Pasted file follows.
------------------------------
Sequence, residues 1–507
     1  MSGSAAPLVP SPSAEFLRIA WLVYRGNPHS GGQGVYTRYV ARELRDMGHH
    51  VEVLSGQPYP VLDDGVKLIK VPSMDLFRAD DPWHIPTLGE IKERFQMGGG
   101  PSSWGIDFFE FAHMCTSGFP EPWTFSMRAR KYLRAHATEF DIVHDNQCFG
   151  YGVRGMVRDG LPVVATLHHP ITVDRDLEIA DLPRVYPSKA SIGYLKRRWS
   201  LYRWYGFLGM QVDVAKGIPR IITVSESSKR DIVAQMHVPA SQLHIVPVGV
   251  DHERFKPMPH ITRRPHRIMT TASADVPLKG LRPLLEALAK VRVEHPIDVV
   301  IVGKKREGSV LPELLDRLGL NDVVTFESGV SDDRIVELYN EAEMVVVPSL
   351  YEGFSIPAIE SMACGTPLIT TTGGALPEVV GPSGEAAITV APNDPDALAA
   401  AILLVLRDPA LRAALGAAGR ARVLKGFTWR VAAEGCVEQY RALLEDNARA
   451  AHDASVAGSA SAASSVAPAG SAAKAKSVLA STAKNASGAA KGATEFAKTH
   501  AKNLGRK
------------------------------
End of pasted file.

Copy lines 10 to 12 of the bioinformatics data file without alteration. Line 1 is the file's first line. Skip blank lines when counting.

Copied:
   401  AILLVLRDPA LRAALGAAGR ARVLKGFTWR VAAEGCVEQY RALLEDNARA
   451  AHDASVAGSA SAASSVAPAG SAAKAKSVLA STAKNASGAA KGATEFAKTH
   501  AKNLGRK